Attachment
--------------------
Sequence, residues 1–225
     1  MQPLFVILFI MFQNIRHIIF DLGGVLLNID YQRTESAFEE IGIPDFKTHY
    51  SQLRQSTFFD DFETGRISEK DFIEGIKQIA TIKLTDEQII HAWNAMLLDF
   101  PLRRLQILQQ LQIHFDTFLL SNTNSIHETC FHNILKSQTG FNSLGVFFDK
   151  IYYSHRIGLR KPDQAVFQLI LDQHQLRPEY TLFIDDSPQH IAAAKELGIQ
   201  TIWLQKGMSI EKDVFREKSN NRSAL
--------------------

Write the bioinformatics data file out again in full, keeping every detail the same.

Sequence, residues 1–225
     1  MQPLFVILFI MFQNIRHIIF DLGGVLLNID YQRTESAFEE IGIPDFKTHY
    51  SQLRQSTFFD DFETGRISEK DFIEGIKQIA TIKLTDEQII HAWNAMLLDF
   101  PLRRLQILQQ LQIHFDTFLL SNTNSIHETC FHNILKSQTG FNSLGVFFDK
   151  IYYSHRIGLR KPDQAVFQLI LDQHQLRPEY TLFIDDSPQH IAAAKELGIQ
   201  TIWLQKGMSI EKDVFREKSN NRSAL